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  5. My confidence in President Obama has only been strengthened over the past four years as I’ve watched him work hard at his job, winding down the mistaken war in Iraq, getting up before dawn to watch the arrival of caskets from Afghanistan at Dover Air Force Base, meeting foreign leaders, planning for the demise of Osama Bin Laden, attempting to compromise with ideologically-locked teavangelicals, and taking personal action to do the morally right thing about young hispanics and prevent their deportation from the only country they’ve ever known. I believe this was the same president who appeared on stage in Denver and that he was still in presidential mode, looking at the long historical view, not, as partisans expected, at merely the election.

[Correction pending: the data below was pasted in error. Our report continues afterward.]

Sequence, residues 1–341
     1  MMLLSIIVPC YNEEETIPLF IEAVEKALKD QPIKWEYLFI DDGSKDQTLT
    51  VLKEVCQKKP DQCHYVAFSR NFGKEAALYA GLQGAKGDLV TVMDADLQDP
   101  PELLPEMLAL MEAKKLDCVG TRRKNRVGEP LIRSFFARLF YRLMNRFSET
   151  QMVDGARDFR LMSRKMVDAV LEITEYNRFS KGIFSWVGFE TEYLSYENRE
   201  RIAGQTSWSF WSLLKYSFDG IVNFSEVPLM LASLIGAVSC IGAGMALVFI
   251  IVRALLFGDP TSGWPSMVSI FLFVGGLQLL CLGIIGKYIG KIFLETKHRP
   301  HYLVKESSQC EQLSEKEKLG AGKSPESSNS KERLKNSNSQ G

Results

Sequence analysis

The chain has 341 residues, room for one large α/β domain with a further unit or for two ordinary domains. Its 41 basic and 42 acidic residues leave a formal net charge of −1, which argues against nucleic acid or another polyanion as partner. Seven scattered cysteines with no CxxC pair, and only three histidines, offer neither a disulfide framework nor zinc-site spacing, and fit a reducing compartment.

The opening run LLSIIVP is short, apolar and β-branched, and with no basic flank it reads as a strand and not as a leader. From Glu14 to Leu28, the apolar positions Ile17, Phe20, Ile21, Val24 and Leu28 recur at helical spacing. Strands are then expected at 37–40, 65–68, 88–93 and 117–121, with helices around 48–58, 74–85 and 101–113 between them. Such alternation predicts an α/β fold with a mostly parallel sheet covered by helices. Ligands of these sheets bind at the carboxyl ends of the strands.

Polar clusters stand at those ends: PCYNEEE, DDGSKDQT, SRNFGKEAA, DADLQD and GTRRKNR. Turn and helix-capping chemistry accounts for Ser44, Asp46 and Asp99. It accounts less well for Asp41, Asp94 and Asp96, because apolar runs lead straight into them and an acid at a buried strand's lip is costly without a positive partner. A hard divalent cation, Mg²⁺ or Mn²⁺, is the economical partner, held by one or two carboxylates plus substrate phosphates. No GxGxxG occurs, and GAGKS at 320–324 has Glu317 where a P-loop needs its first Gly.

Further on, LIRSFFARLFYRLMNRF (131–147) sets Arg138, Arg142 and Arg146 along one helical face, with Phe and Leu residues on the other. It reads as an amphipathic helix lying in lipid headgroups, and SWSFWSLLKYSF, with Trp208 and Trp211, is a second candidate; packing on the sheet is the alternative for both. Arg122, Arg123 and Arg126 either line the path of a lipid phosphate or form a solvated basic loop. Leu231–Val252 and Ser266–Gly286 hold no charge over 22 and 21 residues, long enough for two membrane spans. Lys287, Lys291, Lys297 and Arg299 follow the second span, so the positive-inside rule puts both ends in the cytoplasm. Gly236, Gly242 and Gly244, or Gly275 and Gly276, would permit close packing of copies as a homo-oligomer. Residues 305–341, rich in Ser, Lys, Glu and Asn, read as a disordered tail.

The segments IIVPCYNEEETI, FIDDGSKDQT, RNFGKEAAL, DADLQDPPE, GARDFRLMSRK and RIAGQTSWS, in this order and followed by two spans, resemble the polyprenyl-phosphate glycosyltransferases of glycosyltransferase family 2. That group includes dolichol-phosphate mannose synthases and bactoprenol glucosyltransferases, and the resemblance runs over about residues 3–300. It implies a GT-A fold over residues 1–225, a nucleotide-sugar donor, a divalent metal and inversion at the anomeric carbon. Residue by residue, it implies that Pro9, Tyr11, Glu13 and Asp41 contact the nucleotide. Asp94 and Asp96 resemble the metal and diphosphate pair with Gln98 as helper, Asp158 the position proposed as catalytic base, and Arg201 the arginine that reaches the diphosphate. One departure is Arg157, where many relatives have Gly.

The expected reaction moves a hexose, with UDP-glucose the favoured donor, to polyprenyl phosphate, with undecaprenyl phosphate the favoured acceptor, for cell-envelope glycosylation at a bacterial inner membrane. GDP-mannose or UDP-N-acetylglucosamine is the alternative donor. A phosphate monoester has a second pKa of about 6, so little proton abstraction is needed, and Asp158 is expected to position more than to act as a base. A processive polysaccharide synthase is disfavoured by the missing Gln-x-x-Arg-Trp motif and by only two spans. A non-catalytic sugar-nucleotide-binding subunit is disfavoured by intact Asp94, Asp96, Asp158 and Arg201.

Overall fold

Duane is right, politics is a dirty business, and all the chips are on the table because of the election. This is the four-year-cycle system we have and I submit we are now looking at its principal defect, that by its nature it treats political issues as gladiatorial prizes to be won or lost. We were all expecting gamesmanship and were frustrated that Obama didn’t want to play it that way. Our thoughts were on November 6th but I think his were years beyond that. So, what I’m wondering right now is, how many voters realize that this election is more important than an NFL game? Probably not many.

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  6. Big Bird: “Boys and girls, we just learned today that president Ronmey has cut off funding for PBS and this program. So, today we’re going to talk about the letters FU.”